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Plain English in Québec Legislation
Lena Day

Why is it that the average person, even a well-educated one, setting out to read a bill or law for the first time, half if not fully expects to have trouble cutting through the language to get to the meaning? It could be argued that bills and statutes use complex language because they address complex subjects–taxation or securities regulation, for example–or because they are meant mainly for people “in the know” such as members of lobby groups, practitioners in the fields concerned, lawyers and officials. The bottom line, though, is that laws affect everyone and this alone is a compelling argument for using idiomatic and understandable language. This article looks at efforts made by the Québec National Assembly to introduce plain English in its legislation. 

Québec came under British law in 1763 when France signed the Treaty of Paris. Eleven years later, the British Parliament restored French civil law but maintained British criminal law when it passed the Quebec Act. As a result, civil law was drafted exclusively in French from 1774 to 1866 and criminal law, exclusively in English from 1774 to 1841.1 To guarantee that both French and English in Québec would have access to statutes in their own language, the framers of the Constitution Act of 1867 included a requirement, in section 133, that the Acts of the Legislature of Québec be printed and published in both French and English. 

Today, Quebecers have access to bills and newly enacted laws in French and English on the National Assembly website and can follow every step of the law-making process by downloading transcripts or webcasts of Assembly and committee sittings.2 They can obtain paper copies of annual or revised statutes at reasonable cost from the government publishing house and electronic versions free of charge on its website.3 But access is about more than physical access. It is also about understanding. 

Many of the problems in English, in particular, come from the traditional British style of legislative drafting, which leaves modern-day readers to struggle with long sentences, archaic words and strings of synonyms or near-synonyms. English-speaking jurisdictions the world over are now turning away from this traditional style of drafting and aiming to produce legislation in clear, concise language.4 Inspired by their efforts, we—the legislative translation team of the Québec National Assembly—have recently begun moving to plain English.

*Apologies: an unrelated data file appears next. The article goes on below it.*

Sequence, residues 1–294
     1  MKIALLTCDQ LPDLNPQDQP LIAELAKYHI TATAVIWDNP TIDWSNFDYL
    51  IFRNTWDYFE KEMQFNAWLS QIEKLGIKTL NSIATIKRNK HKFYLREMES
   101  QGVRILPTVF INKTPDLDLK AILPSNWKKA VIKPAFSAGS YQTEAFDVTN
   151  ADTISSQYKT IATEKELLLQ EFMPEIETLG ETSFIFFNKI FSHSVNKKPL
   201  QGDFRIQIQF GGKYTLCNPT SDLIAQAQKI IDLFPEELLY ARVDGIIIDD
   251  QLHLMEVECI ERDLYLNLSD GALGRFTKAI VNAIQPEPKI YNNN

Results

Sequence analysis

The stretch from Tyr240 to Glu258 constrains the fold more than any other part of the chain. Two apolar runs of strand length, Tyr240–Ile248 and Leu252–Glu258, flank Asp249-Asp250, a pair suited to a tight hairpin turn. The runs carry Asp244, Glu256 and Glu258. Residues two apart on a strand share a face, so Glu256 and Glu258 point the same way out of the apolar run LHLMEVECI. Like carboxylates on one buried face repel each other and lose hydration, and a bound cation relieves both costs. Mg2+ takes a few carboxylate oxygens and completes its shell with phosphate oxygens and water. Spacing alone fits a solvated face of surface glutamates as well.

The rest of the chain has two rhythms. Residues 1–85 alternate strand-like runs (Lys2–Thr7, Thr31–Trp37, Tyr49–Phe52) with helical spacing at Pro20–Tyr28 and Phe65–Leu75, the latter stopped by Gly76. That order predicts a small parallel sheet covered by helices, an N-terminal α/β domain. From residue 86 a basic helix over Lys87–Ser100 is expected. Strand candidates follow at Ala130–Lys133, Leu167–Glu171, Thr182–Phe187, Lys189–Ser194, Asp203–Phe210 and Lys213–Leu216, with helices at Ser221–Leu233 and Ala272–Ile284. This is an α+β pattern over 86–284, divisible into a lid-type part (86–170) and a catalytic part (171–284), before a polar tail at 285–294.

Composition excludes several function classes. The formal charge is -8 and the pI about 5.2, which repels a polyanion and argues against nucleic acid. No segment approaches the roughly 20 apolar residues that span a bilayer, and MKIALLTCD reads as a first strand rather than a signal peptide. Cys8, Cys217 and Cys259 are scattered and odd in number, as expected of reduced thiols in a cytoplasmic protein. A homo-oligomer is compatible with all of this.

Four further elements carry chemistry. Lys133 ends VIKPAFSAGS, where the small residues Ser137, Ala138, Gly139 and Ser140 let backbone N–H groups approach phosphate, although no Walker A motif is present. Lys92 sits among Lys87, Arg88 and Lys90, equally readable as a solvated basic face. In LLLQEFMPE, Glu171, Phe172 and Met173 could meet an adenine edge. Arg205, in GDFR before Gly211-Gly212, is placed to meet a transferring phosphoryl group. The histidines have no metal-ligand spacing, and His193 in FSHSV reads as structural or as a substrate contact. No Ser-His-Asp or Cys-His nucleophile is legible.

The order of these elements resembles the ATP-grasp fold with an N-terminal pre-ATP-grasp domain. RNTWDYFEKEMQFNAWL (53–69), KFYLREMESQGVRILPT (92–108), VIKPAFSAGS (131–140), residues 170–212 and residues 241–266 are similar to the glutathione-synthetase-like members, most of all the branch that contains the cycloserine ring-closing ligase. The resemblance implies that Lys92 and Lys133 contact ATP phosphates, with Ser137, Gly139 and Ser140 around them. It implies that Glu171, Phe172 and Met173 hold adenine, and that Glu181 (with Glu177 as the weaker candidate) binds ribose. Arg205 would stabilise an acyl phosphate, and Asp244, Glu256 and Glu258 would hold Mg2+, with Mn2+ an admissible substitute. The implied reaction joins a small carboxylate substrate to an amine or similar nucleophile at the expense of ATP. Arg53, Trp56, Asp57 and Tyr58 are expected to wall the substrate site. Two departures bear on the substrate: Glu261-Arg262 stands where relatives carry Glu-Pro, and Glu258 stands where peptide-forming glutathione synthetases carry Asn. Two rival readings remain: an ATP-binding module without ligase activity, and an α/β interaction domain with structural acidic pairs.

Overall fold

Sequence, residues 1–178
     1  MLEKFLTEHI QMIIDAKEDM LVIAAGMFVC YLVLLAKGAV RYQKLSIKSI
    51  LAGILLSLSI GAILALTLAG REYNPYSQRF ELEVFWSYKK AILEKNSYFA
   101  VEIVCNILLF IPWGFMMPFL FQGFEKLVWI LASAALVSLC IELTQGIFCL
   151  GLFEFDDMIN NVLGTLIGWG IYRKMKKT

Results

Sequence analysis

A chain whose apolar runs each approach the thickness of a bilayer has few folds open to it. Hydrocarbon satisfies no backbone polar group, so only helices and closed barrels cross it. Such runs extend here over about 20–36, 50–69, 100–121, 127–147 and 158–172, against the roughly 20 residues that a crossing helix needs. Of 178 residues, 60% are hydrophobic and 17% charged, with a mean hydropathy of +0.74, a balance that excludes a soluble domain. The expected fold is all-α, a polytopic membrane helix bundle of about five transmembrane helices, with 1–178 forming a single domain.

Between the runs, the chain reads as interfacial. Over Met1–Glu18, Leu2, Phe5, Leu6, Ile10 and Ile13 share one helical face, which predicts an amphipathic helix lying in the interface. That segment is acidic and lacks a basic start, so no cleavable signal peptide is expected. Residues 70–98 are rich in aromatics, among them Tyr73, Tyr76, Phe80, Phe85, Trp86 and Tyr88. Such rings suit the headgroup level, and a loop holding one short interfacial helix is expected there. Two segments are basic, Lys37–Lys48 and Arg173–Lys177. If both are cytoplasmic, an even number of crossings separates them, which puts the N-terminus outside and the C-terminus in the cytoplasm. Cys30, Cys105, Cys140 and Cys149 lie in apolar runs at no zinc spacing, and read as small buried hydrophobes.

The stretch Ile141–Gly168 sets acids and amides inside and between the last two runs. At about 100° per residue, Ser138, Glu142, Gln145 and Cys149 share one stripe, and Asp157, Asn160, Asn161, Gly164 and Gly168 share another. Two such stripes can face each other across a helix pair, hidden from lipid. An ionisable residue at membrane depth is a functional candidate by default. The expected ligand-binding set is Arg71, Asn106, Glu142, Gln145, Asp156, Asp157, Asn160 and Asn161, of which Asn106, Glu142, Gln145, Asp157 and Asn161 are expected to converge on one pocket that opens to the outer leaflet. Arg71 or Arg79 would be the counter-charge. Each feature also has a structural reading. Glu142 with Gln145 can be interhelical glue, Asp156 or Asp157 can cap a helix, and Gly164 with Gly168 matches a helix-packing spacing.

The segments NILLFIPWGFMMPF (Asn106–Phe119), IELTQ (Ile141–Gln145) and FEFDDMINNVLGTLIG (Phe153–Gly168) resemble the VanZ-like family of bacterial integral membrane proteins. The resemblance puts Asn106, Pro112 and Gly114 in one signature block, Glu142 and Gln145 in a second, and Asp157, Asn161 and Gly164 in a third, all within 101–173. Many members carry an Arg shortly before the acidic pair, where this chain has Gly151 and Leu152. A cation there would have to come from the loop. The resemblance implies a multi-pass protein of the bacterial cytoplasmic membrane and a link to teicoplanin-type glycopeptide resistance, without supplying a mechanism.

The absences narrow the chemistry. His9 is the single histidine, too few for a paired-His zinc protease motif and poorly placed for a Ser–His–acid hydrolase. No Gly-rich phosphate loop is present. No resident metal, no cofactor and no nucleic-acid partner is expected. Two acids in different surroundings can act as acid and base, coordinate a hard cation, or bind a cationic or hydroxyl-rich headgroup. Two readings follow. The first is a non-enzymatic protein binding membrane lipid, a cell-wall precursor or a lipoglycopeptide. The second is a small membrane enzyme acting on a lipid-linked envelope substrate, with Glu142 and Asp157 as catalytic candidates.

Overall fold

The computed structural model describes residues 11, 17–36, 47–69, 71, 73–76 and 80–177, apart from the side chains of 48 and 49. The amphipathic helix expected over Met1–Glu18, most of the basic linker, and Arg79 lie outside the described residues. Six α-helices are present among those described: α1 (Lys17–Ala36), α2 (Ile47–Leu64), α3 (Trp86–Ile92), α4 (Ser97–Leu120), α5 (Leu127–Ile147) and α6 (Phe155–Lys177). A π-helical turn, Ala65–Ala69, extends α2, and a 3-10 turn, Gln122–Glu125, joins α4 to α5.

Our Constraints 

Québec’s laws are drafted in French and translated into English, and even if French is the official language, the French and English versions carry the same weight.5 Because we translate the laws rather than draft them, we cannot go as far as other jurisdictions have gone or intend to go. Many are combining plain language and plain design: they are changing the “look and feel” of their statutes by using easy-to-read fonts, rethinking the way in which sections are organized and numbered, and adding features such as headers, summaries and diagrams to help readers find what they need.6 This is beyond the scope of what we can do, as the content and structure of bills are decided by the legislative drafters in the government departments, revised by the legislation secretariat of the Ministère du Conseil exécutif (the Executive Council) and approved by the Cabinet legislation committee. Our job as translators is to provide an accurate translation of the French text we receive. 

Also, since the Civil Code is central to our legal system, we are bound to use civil-law terms such as “hypothec” and “immovables” rather than the common-law terms more familiar to most English-speaking readers–“mortgage”, “real property” and so on. And because we do not have the authority to rewrite existing legislation, we can apply the plain language approach only to new legislation. We may, of course, use plain language techniques when translating bills that amend current statutes but must do so cautiously, as the new text introduced by the amending bill must fit in with the existing text. 

Our Plain Language Guidelines 

Given our constraints, we will focus on those aspects that are within our purview, namely, vocabulary, grammar and style. Here are the main guidelines we have set for ourselves so far: 

  • Prefer the simple to the pedantic. Choose words that are generally understood and short words over long ones, for example, “send by fax or e-mail” rather than “transmit by facsimile or electronic communication”. 
  • Replace archaic words with current ones, for example, “whereas”, “notwithstanding”, “pursuant to” and “to wit” with “as”, “despite”, “under” and “that is”.  
  • Avoid Latin words and phrases unless they have become part of the English language (“vice versa”) or part of the language of the law and have no simple English substitutes (“prima facie”).